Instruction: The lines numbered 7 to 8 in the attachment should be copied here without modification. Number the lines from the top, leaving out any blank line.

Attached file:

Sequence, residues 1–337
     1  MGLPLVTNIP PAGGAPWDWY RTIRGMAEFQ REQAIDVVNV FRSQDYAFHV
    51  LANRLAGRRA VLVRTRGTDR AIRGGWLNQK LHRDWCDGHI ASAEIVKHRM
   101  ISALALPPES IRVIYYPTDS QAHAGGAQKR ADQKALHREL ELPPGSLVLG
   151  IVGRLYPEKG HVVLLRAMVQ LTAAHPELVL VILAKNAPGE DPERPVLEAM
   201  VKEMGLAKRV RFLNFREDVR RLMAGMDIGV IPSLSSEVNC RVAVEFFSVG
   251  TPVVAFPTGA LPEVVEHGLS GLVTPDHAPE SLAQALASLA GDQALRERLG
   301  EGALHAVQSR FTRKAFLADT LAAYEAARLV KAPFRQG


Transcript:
   251  TPVVAFPTGA LPEVVEHGLS GLVTPDHAPE SLAQALASLA GDQALRERLG
   301  EGALHAVQSR FTRKAFLADT LAAYEAARLV KAPFRQG